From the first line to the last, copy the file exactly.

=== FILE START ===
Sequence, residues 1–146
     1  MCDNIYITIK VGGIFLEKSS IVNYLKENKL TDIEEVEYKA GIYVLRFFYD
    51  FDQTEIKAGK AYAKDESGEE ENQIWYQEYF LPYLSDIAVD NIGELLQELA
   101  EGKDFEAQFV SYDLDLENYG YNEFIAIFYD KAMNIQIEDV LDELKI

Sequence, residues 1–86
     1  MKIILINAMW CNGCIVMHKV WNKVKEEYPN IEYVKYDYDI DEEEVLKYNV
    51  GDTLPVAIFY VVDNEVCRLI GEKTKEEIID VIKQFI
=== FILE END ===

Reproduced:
Sequence, residues 1–146
     1  MCDNIYITIK VGGIFLEKSS IVNYLKENKL TDIEEVEYKA GIYVLRFFYD
    51  FDQTEIKAGK AYAKDESGEE ENQIWYQEYF LPYLSDIAVD NIGELLQELA
   101  EGKDFEAQFV SYDLDLENYG YNEFIAIFYD KAMNIQIEDV LDELKI

Sequence, residues 1–86
     1  MKIILINAMW CNGCIVMHKV WNKVKEEYPN IEYVKYDYDI DEEEVLKYNV
    51  GDTLPVAIFY VVDNEVCRLI GEKTKEEIID VIKQFI